Tue, 27 September 2022 at 5:43 pm
Starting when he was just 10 years old, Olympic champion Greg Louganis trained to be the greatest diver in the world. What he ultimately became, according to many, is the greatest diver of all-time.
Over two decades later, Louganis, the 62-year-old gay man and longterm HIV survivor, is still widely considered to be the ultimate G.O.A.T. in the diving category. These days, however, he defines his life not by his legendary career — which includes one silver and four gold Olympic medals — but by the joy he finds in the smallest things.
“You have to have the grace to forgive yourself and accept where you’re at [in life],” he says now. “Often, I’ll give myself little challenges and say, ‘Oh, I used to be able to dot dot, dot, fill in the blank.’ I used to be able to ride a unicycle, I used to be able to trapeze, and I’ll challenge myself. ‘Okay, can I still do that?’ and I’ll make it a game.”
The first man to sweep the diving events in consecutive Olympic Games (at the 1984 Los Angeles Games and the 1988 Seoul Games, respectively), Louganis credits his “brush it off and move on” attitude towards life to the rigorous physical and mental training he’s practiced from such an early age.
That mindset has carried him through many challenges — from receiving a positive HIV diagnosis six months before the 1988 Olympics to leaving an abusive relationship and recovering from a drug and alcohol addiction — and eventually becoming a staunch advocate for LGBTQ rights and a vocal ally to those seeking treatment for addiction.
Now in his 60s, a decade he never thought he’d live to see given that HIV was “considered a death sentence” at the time of his diagnosis, he’s entering the latest chapter with mindfulness, patience and, above all, intention.
“If there’s something that’s really important to you, you need to make time to do a little of that every day,” he says. “My yoga practice is really important to me, you know, doing handstands. If I take a number of days off, I definitely notice a difference; it’s a little bit more challenging. Working with the dogs a little bit every day, you know, you just have to make time for what’s important to you.”
Just as important is for people to know that he, too, is doing the work.
“I don’t want to pay lip service. There are many people who say, ‘Do this, do this, do this.’ Well, are they doing all those things in their life? A lot of them are not,” he says. “That is something that’s really important to me, to be congruent with what you’re saying.”
Indeed, Louganis rarely fails to show up as anything other than himself, even when the world is watching.
Such was the case the years after the 1988 Seoul Games, when he hit and cut his head on the springboard during a dive and bled into the pool. Louganis had learned he was HIV-positive just before that, and was tortured over whether or not he should disclose his status after the accident. He opted not to say anything. Then, when he came out publicly as HIV-positive in 1995 — just a year after he came out as gay in a pre-taped announcement shown at the 1994 Olympics opening ceremonies — it not only forced conversations about AIDS, but prompted people around the world to second-guess his decision to not disclose his HIV status at the time of the Games (although experts have since said there would have been no fear of transmission through the chlorinated water).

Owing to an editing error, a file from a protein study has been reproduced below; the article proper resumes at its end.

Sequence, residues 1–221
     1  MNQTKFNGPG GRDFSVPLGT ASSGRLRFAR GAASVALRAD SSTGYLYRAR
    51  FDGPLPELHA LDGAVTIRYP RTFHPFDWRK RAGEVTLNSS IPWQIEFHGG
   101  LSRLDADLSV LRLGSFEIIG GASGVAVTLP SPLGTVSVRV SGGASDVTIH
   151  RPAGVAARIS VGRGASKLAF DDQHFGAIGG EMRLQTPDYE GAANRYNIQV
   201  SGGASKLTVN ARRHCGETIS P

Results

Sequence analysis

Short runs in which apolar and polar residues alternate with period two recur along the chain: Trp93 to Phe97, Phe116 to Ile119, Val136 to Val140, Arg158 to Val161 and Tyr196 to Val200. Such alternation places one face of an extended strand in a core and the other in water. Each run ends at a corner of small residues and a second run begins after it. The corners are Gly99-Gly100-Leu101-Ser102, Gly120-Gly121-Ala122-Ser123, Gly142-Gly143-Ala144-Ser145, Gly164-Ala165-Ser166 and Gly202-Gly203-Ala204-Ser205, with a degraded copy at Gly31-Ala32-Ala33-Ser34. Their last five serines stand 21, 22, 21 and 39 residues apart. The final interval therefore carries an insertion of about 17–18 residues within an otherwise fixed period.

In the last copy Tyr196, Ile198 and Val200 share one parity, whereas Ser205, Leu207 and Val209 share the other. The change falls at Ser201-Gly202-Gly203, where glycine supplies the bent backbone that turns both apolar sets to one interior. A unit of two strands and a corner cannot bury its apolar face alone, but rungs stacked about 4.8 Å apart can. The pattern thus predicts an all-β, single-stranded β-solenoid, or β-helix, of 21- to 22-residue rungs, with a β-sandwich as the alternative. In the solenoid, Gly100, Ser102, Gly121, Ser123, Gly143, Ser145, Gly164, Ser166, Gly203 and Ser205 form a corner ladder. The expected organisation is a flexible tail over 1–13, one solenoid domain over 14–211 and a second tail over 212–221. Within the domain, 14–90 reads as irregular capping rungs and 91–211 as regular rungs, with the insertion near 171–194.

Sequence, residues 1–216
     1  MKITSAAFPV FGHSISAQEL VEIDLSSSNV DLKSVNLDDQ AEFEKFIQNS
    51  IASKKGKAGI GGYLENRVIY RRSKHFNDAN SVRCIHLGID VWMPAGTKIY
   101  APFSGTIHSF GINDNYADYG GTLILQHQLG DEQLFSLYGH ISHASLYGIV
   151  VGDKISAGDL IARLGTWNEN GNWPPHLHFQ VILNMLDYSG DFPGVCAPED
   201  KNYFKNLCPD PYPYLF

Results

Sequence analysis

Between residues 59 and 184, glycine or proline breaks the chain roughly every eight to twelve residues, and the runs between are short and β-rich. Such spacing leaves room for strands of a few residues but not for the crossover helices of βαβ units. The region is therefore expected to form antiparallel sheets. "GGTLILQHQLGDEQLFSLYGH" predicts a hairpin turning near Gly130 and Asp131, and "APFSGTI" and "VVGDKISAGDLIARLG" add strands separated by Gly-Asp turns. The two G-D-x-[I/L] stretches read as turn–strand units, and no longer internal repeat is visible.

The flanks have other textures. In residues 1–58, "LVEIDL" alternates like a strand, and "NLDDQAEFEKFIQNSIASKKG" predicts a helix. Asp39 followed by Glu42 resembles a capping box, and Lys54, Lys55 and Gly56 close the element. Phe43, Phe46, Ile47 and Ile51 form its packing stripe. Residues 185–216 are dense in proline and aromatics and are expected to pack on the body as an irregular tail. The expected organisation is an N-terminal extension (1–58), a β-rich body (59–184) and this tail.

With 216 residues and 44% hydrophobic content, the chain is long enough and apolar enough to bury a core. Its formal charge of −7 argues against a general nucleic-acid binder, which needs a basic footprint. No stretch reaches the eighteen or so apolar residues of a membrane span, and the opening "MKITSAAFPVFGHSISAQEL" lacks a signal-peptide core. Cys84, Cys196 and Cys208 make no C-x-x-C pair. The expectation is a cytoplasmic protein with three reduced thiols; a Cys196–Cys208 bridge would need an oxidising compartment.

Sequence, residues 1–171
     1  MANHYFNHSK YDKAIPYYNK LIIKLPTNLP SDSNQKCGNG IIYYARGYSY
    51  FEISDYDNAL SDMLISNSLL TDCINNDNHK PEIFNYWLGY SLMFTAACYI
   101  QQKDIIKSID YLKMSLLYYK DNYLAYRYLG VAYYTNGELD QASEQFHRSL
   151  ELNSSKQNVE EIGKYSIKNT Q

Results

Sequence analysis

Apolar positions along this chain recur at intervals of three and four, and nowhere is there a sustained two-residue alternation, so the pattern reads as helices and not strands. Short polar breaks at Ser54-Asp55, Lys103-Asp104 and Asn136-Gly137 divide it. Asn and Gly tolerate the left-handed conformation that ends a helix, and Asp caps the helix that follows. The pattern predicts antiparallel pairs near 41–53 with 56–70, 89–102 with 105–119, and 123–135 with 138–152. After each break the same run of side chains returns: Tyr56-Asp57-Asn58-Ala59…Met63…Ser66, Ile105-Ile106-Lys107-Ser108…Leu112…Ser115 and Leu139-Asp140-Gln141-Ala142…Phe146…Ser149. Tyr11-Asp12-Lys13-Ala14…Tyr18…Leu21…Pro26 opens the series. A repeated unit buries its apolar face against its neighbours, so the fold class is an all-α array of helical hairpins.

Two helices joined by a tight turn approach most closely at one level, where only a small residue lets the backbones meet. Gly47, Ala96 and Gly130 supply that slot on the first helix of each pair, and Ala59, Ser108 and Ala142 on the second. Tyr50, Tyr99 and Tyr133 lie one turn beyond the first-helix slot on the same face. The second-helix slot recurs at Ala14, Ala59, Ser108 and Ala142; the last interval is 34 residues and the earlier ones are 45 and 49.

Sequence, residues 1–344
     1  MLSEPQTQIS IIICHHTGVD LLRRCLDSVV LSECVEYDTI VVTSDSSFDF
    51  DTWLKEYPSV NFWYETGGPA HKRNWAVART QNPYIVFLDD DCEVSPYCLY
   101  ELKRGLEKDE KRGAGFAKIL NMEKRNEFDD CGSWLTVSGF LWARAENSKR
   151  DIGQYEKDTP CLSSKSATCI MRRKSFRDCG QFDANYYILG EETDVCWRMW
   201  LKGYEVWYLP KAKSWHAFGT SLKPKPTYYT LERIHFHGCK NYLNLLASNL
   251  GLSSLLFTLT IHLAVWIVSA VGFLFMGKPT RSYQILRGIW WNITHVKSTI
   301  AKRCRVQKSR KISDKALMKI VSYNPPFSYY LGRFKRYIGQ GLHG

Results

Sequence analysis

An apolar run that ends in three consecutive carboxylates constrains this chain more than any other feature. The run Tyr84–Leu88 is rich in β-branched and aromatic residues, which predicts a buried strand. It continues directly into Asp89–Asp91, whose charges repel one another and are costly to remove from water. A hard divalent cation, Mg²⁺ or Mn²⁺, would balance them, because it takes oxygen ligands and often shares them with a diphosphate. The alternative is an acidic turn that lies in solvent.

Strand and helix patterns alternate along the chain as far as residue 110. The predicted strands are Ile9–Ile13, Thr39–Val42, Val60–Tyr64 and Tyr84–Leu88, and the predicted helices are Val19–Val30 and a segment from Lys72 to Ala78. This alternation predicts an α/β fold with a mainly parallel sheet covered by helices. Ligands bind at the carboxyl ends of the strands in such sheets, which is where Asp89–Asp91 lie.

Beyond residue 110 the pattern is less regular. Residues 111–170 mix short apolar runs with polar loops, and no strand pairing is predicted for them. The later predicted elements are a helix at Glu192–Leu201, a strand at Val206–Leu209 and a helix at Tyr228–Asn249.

Of his initial decision to test for HIV, he recalls, “My thought was, if I was HIV-positive, then I would pack my bags, because I was training in Florida, come back to Southern California and lock myself in my house and wait to die, because that’s the way that we thought of HIV/AIDS at that time.”
But, he adds, “[My doctor] said that the healthiest thing for me would be to continue training. It was a lot more positive to focus on making the Olympic team than ruminating about [being] HIV-positive and what that meant.” (Today, there’s a global consensus that it’s possible for a person’s viral load, or amount of HIV in the body, to become so low that it’s undetectable — as well as not transmittable — with routine medications. It’s known as U=U, or “undetectable equals untransmittable.”)
After receiving his diagnosis, Louganis was immediately placed on the “very aggressive” AZT, the first drug on the market to treat HIV. But, as he recalls, the “side effects were so miserable” that eventually he just couldn’t take it anymore. He later found a doctor, also HIV-positive, who understood his plight and helped him through it.
“We were diagnosed around the same time,” he says of his doctor. “We went through a lot of the same studies and had a lot of the same experiences, so [he was] somebody that I could really talk to, and that really made a difference in feeling more in control of my life.”
Before finding that solid ground, Louganis, when he turned 33, threw what he referred to as his “last birthday” for his family and friends, assuming that HIV would prevent him from seeing his 34th year. Now, 30 years later, he is undetectable, with a full life still ahead of him — and the goal of using his own story to inspire others to get through their own traumas.
“No matter what’s happening, it’s going to change,” he says of life — a lesson he credits learning through sobriety. “Everything in life is changing. So, if it’s good, it’s gonna change. You can’t hang on to it … You need to let it go.”